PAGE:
'Jackpotting' ATM Thefts Are Hitting America: What Are They? 

The Secret Service has been warning banks and ATM operators of this new financial crime since early January.

Flickr / boklm

ATMs have always been a site of potential theft, but previously, the main threat was consumers getting their PINs stolen. Now, a sophisticated hacking technique called “jackpotting” that threatens the ATM itself has appeared in the United States for the first time.

In jackpotting, thieves install either software or hardware onto front-loading ATMs that force them to spit out cash on demand, essentially turning these ATMs into slot machines. The attacks have occurred in Europe and Asia since an infected ATM was first demoed at a hacking conference in 2010, but somehow, the United States has not had any jackpotting attacks, until this year.

First reported by the security-focused site Krebs on Security in mid-January, the U.S. Secret Service has contacted financial institutions that jackpotting has been spotted in the United States.

According to a confidential Secret Service alert obtained by Krebs, “The targeted stand-alone ATMs are routinely located in pharmacies, big box retailers, and drive-thru ATMs. During previous attacks, fraudsters dressed as ATM technicians and attached a laptop computer with a mirror image of the ATMs operating system along with a mobile device to the targeted ATM.”

Diebold ATMs are at risk. 

Wikimedia / PrimroseGuy

Currently, the ATMs targeted all seem to be an older, out-of-production model, Opteva, manufactured by Diebold Nixdorf, as Reuters has reported.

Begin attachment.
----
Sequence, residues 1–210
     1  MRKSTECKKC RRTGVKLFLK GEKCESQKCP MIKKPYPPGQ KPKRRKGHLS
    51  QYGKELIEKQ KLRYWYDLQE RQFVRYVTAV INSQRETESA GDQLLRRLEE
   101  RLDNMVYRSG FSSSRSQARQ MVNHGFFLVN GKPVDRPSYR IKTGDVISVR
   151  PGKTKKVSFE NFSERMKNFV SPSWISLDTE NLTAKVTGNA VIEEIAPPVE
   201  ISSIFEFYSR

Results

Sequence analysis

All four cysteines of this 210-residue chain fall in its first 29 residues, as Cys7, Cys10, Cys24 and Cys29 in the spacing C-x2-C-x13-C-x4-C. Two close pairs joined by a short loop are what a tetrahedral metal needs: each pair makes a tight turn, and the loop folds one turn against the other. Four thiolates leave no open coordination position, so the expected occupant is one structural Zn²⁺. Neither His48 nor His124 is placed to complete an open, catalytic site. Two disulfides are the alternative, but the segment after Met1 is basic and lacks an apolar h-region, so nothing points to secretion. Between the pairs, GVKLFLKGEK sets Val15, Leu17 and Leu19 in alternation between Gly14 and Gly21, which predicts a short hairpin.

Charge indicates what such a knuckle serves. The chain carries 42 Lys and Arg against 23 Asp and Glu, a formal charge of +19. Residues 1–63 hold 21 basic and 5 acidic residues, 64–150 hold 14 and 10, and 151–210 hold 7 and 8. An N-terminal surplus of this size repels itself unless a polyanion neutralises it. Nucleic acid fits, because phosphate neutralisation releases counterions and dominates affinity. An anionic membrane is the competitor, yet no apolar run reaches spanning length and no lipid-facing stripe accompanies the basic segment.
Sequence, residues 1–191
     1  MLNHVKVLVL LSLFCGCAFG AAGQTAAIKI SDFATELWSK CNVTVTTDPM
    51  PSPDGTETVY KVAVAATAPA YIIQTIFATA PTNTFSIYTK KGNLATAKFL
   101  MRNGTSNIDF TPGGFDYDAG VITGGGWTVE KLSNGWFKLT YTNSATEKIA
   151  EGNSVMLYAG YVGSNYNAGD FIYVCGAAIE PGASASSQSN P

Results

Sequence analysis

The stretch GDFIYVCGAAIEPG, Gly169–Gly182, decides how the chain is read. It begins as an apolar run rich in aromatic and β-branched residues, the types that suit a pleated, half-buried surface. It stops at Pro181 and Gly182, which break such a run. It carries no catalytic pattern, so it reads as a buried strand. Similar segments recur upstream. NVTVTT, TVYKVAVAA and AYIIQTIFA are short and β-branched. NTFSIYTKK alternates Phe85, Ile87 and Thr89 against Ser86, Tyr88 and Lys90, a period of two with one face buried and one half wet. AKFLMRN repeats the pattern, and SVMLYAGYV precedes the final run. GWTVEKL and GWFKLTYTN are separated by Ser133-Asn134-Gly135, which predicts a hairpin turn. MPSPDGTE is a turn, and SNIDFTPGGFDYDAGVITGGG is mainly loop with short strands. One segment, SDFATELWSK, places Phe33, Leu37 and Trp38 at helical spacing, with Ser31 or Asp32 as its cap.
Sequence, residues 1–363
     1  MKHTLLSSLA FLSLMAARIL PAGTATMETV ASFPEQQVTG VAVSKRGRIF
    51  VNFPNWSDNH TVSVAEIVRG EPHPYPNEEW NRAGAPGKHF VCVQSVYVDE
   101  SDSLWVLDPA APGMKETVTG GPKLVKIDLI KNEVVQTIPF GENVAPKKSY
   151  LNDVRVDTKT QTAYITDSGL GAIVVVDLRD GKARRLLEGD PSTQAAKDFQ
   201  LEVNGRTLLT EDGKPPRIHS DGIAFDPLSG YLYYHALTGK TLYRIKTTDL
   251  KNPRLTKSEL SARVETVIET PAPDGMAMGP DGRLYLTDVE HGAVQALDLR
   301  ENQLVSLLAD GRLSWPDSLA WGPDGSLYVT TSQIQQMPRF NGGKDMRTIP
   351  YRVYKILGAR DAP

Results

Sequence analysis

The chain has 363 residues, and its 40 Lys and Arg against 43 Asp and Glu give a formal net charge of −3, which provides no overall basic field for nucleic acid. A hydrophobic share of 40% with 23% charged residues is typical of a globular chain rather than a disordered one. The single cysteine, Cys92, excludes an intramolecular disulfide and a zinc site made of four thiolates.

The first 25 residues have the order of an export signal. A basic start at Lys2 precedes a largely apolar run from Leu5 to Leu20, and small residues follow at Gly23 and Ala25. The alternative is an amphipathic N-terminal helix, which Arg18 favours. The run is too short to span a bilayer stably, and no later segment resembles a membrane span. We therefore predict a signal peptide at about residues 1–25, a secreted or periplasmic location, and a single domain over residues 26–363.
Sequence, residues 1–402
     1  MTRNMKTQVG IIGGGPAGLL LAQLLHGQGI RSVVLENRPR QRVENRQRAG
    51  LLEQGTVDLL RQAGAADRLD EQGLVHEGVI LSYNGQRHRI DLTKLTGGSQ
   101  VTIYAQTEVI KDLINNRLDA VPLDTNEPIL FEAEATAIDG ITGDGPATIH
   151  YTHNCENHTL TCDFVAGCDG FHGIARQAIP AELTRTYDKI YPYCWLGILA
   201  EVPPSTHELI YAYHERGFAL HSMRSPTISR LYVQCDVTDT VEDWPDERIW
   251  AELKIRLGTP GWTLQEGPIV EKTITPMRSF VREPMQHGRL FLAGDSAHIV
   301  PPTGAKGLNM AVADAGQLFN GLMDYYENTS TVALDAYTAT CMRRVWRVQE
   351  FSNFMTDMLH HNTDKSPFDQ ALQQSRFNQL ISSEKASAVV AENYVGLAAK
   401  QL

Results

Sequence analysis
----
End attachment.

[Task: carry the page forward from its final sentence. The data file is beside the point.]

How It Works

According to the Secret Service alert, hackers typically repurpose an endoscope, the medical instrument usually used by doctors to peer into the human body, to find the the internal portion of the ATM where they can connect using a cord to sync their laptops with the internal computers of the ATM.

Once connected, the ATM will read as “out of service” to customers, and the machine can be remotely accessed via SMS or an externally connected keyboard.

In previous attacks, says the Secret Service alert, “the ATM continuously dispensed at a rate of 40 bills every 23 seconds,” until it is emptied of cash — or someone on site manually stops it by pressing cancel on the keypad.

So-called “money mules” are the ones that actually carry out the attack and take the money, which can happen within minutes.

The Secret Service recommends that ATM operators update their ATM software from Windows XP to Windows 7 to prevent this type of attack.

It’s good advice for the rest of us as well

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